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I have two videos, both roughly the same spec:

A: H.264/AAC 1920x808 24FPS ~3015kb/s
Using Quicktime player I can scrub through this movie smoothly and with fine detail. Jumping from one position to another, playback will happen immediately.

B: H.264/AAC 1920x1080 25FPS ~3662kb/s
This video can’t seem to handle the scrubbing as well. Dragging the playback head hangs constantly, I keep getting a beach-ball when jumping from one position to another.

I realise that the data rate on B: is higher, but is there anything I can do to improve it’s performance other than re-encoding at a reduced data rate?

Are there any tools available other than VLC/Quicktime media info, that will show me more detailed encoding options so I can further optimise B: based on A: if I have to re-encode?

  • GOP size, no of refs, reordered frames in file storage are what come to mind. Need to see mediainfo properties of both files to verify. – Gyan May 6 '17 at 14:05
  • I have read a bit about ref's, or B-frames, in the handbrake UG. Do you know if there is a tool that tell me these stats? – sansSpoon May 8 '17 at 1:32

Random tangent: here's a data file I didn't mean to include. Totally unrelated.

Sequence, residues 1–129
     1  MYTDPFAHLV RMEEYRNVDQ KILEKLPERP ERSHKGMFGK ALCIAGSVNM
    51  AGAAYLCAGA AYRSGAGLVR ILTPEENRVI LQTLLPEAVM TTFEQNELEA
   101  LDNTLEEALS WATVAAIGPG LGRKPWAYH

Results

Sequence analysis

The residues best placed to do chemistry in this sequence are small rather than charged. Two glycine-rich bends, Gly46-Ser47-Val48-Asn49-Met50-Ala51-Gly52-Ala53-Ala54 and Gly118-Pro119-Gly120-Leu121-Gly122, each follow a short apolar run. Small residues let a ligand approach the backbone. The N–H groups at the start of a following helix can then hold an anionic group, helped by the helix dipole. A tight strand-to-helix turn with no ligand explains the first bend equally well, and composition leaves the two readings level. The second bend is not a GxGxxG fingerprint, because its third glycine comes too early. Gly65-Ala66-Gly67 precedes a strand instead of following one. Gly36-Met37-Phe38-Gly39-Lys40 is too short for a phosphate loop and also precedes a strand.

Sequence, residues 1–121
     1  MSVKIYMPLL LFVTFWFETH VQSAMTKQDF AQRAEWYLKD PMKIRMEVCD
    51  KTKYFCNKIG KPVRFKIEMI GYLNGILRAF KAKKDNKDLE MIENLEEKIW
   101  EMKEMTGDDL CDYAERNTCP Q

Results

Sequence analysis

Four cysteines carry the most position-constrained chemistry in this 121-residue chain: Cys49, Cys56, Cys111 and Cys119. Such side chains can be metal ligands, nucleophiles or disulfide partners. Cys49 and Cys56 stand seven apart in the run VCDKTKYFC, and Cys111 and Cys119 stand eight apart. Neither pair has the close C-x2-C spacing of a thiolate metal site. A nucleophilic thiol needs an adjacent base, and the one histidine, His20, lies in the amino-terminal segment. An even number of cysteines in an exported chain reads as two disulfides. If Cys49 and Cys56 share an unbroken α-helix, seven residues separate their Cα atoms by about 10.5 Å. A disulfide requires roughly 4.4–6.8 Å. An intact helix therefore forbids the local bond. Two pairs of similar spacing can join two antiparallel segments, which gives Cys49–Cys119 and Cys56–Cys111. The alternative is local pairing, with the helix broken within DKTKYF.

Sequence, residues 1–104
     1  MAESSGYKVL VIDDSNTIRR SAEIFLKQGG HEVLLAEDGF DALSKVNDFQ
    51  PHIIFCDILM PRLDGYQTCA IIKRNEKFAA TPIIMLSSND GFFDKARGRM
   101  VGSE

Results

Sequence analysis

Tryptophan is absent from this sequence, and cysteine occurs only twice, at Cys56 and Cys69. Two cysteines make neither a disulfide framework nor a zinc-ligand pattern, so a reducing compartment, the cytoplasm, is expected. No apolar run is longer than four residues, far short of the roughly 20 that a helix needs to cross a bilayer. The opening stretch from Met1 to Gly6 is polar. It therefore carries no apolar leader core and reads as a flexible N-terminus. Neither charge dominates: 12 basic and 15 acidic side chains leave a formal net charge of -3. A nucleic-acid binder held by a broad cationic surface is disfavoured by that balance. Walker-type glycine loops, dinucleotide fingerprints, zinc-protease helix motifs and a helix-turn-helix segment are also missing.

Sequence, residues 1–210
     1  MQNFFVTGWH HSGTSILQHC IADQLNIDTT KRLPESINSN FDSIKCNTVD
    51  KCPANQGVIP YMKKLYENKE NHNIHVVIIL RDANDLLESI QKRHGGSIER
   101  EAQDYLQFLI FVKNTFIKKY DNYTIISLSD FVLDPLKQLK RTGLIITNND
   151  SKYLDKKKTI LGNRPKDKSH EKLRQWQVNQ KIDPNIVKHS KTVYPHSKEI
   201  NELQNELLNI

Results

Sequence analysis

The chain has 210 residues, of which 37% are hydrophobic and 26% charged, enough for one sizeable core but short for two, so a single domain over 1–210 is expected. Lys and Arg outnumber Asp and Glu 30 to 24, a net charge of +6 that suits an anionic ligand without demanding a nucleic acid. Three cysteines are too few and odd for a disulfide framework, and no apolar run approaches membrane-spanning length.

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Usually in these situations I'd say maybe you have a bottleneck from your storage media. But with those bit rates any Ssd or hdd should be fine unless the files are really large. Thus it sounds to me that you have either a bottleneck with your GPU, Cpu, or Ram. All are equally important for smooth playback. I'm guessing the issue is the increased resolution of the second clip.

Without knowing more about your specs I would say your best options are to create low res Proxies. In premiere it's pretty easy, you just have to modify your project ingest settings. You might as well create Proxies for all the files, it won't matter anyways as it will relink on export.

  • Both videos are stored on an internal ssd. I'm using a maxed out MacBook Pro 2015 2.8 i7 16GB. – sansSpoon May 8 '17 at 1:37
  • As Alex suggested: work with low resolution proxies. Then relink to your original media. H264 really is not a codec that's made to edit with. It's for client reviews, web-exports, etc. – CyanideBaby Sep 4 '17 at 15:36
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I found the free program Media Info for macOS that does exactly what I'm after. It displays a movie's codec details incl:

  • H.264 Profile setting
  • H.264 Encoding string

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